Because of these problems, the opposition to RU-486 includes not only
the usual anti-abortion "suspects" but also some pro-abortion feminists.
While the former believe it is a drug used for immoral purposes, the latter
believe RU-486 is simply inferior to and more dangerous than surgical abortion.
Despite all of these problems, population controllers and the U.S. government want RU-486 as quickly as possible and with minimal review. Why?
When properly administered, RU-486 is not safer, less expensive, or more private than surgical abortion. But it does have one advantage; it is more portable. Once it is granted FDA approval, it will be relatively easy to take into Third World countries where abortion is not legally available.
The U.S. government spends hundreds of millions of dollars each year to "protect our national interests" through programs designed to suppress the "excess" population growth of developing countries. As part of this effort, the Clinton Administration, in particular, has openly lobbied for expanding access to abortion in the Third World. But this latter objective is blocked by two obstacles. First, abortion is still illegal in many developing countries. Second, surgical abortion is more technically complicated; it requires more in the way medical facilities and training. Despite its many flaws, RU-486 offers a way around both of these problems.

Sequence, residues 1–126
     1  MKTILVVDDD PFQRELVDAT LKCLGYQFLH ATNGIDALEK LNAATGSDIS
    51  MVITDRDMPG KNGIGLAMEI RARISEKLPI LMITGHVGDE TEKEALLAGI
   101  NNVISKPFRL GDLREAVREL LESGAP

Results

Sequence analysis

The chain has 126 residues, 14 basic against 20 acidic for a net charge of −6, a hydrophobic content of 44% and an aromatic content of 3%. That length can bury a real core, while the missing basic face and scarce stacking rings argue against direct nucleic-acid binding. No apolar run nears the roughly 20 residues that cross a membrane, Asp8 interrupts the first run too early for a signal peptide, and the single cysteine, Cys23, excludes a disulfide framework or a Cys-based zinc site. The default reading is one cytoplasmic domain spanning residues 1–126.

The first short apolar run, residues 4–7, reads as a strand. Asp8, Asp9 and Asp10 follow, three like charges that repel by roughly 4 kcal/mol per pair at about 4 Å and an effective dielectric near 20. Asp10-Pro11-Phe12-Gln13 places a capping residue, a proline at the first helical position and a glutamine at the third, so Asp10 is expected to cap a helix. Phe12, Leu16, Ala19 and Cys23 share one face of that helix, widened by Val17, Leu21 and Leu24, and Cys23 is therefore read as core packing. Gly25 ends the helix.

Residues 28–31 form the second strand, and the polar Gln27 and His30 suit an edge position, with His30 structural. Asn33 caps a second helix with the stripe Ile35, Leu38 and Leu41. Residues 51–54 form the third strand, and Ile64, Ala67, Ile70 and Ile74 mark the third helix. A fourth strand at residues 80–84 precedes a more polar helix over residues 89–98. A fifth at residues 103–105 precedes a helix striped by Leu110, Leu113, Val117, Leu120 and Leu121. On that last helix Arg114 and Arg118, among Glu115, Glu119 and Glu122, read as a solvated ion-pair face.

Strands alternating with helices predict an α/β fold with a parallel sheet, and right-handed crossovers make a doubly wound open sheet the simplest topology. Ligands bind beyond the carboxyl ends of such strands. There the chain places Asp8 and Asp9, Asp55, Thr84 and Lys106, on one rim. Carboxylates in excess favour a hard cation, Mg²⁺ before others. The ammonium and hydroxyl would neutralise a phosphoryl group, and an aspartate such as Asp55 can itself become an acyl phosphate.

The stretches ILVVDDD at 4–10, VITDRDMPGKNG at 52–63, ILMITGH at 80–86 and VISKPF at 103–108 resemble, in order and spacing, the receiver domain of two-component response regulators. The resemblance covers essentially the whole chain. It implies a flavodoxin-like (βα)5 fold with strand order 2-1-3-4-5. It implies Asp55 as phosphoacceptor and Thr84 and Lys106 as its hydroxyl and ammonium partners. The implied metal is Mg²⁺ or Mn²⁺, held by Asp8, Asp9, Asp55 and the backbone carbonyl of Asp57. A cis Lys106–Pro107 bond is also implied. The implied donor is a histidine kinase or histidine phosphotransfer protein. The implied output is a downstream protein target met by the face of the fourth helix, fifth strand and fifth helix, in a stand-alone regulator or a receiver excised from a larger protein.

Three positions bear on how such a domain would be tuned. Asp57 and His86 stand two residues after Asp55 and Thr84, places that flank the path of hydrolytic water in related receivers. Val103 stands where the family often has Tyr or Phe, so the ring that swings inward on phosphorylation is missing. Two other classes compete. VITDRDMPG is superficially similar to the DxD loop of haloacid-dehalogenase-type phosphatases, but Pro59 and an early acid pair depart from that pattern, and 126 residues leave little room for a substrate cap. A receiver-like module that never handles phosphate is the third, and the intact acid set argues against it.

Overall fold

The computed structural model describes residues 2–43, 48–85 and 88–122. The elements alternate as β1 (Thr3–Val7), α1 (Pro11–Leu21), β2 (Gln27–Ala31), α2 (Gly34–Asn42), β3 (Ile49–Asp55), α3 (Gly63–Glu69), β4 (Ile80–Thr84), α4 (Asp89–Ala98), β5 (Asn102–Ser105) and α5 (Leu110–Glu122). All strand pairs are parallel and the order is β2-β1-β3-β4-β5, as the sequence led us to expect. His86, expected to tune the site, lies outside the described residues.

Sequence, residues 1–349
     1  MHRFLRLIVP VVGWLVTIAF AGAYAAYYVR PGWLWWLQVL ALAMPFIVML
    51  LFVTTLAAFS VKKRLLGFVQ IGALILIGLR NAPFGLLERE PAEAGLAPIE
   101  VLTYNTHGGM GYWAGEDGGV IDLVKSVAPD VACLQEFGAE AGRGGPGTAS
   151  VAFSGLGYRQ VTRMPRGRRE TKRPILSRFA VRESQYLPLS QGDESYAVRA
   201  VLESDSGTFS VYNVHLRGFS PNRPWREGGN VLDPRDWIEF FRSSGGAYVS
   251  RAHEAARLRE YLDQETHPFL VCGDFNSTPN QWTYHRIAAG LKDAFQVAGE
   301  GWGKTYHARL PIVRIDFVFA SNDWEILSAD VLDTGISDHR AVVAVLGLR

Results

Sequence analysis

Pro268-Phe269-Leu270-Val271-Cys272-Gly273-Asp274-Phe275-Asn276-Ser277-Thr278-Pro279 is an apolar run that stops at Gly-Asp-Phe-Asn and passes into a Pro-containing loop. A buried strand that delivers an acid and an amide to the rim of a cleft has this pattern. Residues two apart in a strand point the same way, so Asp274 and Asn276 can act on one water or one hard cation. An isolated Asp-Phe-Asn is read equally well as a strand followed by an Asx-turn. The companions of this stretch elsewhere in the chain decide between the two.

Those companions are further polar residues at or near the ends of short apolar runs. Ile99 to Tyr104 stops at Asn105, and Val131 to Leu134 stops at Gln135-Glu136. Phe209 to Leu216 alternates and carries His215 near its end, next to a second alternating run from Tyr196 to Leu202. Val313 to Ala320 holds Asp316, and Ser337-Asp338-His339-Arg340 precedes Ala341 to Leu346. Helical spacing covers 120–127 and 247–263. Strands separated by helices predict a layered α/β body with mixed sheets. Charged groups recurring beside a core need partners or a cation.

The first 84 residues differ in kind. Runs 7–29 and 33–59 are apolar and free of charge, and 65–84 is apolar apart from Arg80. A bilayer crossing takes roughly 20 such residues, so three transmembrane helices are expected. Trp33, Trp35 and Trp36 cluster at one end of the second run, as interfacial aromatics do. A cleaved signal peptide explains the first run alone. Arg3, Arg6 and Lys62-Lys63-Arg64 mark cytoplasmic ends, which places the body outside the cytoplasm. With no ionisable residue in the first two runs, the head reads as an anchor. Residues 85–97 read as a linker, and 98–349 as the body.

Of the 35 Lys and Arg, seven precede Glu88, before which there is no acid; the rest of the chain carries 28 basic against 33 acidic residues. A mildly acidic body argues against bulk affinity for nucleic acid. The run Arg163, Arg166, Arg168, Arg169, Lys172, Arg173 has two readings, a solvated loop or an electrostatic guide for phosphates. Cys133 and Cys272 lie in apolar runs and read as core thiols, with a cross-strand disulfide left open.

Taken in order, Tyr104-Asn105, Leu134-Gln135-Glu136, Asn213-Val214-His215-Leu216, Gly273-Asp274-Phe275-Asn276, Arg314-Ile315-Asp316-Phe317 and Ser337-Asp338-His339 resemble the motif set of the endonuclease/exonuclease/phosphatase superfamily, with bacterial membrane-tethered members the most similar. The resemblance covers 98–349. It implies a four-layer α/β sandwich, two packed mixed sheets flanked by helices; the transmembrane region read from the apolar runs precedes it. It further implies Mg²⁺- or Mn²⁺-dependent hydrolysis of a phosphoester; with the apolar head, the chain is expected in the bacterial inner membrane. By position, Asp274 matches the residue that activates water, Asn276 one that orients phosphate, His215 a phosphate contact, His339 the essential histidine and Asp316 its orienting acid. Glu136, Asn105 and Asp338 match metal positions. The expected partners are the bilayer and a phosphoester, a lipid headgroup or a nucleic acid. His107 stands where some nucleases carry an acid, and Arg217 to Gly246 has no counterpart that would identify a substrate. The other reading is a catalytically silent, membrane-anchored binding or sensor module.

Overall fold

Since most developing countries do not have labs and agencies governing the approval of drugs, their import restrictions, if any, are often linked to approval by the U.S. FDA. "If a drug is safe enough for the Americans," they assume, "it must be safe enough for us." Even in countries where abortion is illegal, FDA approval is the key to exporting RU-486 for "other" medical purposes.
Once it is brought into developing countries, RU-486 can be easily transported and distributed. With a little training, it can be cheaply administered by midwives. To avoid trouble with the law, or the conscience of individual patients, these abortifacient treatments can be disguised under the euphemism of "menstrual regulation."